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Article | September 5, 2012
OSHA oversight also plagues packagers
As has been noted here, it’s hard to summarize what’s meant by packaging law in a nutshell.
As has been noted here, it’s hard to summarize what’s meant by packaging law in a nutshell. For all the time that observers and writers spend trying to define the term “packaging law,” remember there will also be other legal obligations and responsibilities relating to a packaging business as a business, rather than as a packaging business as such.
So while the term “packaging law” may most often imply regulatory requirements from FDA and other agencies or environmental law and regulations, topics like business contracts and employment relationships are also part of the picture. This month we look at one generalized business obligation in particular: If you have employees, the safety of the workplace for workers is the subject of requirements of a federal agency, the Occupational Safety and Health Administration, or OSHA.
Packaging facilities are not immune to the coverage of OSHA requirements, or their penalties, as recent headlines can attest.
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After all, packaging factories are factories, and packaging machinery that makes materials, combines them, converts them, or does any number of other things to them, needs to be safe for workers, as does the air and water the workers encounter in the facility, as does the level of noise they are subjected to, as does the physical plant’s conditions themselves.
OSHA is part of the U.S. Department of Labor, and was created under the Occupational Safety and Health Act of 1970 (OSH Act) signed by President Nixon. It’s hard to overlook. The law imposes a complex set of requirements on employers and gives specified rights to employees. The OSHA Act covers most employers in the private sector and even some in the public sector, sometimes directly and sometimes via OSHA-approved state plans.
OSHA’s stated mission is “to assure safe and healthful workplaces by setting and enforcing standards, and by providing training, outreach, education, and assistance.”
Even though the Act has been in place for more than 40 years, workplace safety continues to be a problem (though, one hopes, a smaller problem than it’d otherwise be). An OSHA web site video says, “Every day in America, 12 workers are killed on the job,” and about 3 million are seriously injured.
The Act requires employers to provide workers “with a workplace that does not have serious hazards and must follow all OSHA safety and health standards,” says an OSHA publication.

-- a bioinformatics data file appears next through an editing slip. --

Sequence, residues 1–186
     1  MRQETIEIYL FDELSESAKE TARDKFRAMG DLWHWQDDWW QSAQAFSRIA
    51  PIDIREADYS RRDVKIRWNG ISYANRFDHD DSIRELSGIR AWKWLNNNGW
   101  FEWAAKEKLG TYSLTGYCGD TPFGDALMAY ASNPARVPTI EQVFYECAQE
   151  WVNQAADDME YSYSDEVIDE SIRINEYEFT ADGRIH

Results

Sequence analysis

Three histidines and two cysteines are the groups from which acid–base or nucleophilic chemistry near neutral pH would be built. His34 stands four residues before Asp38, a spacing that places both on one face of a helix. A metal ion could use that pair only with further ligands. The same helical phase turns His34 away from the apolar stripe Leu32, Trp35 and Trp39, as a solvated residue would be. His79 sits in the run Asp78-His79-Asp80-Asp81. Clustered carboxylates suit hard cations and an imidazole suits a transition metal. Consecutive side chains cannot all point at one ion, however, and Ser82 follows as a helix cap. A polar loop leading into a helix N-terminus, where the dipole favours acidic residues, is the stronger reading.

The law calls for employers to “find and correct” safety problems, and try first to “eliminate or reduce hazards by making feasible changes in working conditions” instead of relying on masks, gloves, ear protection, or other forms of personal protective equipment. Employers with more than 10 employees must keep records of accidents, injuries, and illnesses that are job-related.
Employers have other obligations, including informing their workers about chemical hazards, giving them safety training, keeping records of illnesses or injuries, and notifying OSHA promptly of a fatality or of hospitalization of three or more workers. Workers are given a series of rights, including rights to information and freedom from retaliation for reporting problems.
OSHA has created specific safety standards for a number of industries (such as asbestos, mine safety, and grain elevators) and provided for disclosure of hazardous chemicals workers are exposed to, and when no more specific standard applies, the Act also has what it calls the “General Duty Clause,” which calls for employers to “keep their workplaces free of serious recognized hazards.”
To enforce the law’s requirements, the Act gives OSHA the authority to inspect workplaces. Inspection priorities are in the following order: situations of imminent danger; catastrophes; worker complaints and referrals; targeted inspections—high injury/illness rates, severe violators; and follow-up inspections. The OSHA compliance officer reports findings to the OSHA area director who in turn determines whether citations and penalties should be issued.
Penalties are financial fines that the agency itself can impose. Penalties vary based on the type of violation (willful, serious, other than serious, or de minimis) and whether it is a repeat violation, and the amounts are not trivial.
Employers committing willful violations (those committed knowingly or with plain indifference to the law) may be assessed a civil penalty of between $5,000 and $70,000 for each violation. Serious violations are those where the employer knew or should have known that there was a substantial probability that death or serious physical harm could result, and results in a mandatory penalty of up to $7,000 per violation.
An “other than serious” violation is one where a direct relationship to job safety and health exists, but the situation would not be likely to cause death or serious physical harm. These types of violations may be assessed a civil penalty of up to $7,000 per violation.
De minimis violations have no direct relationship to health and safety and do not carry fines. Repeat violations can result in fines up to $70,000 per violation. There are also additional penalties for failure to abate previous violations within the prescribed time, with fines up to $7,000 per day for each violation that is not abated.
As noted, packaging facilities are covered by OSHA requirements and have indeed been subject to penalties for alleged violations. On the other hand, packagers on occasion have been celebrated by OSHA for success with workplace safety and health achievements. In short, OSHA’s requirements are there, for better or worse.
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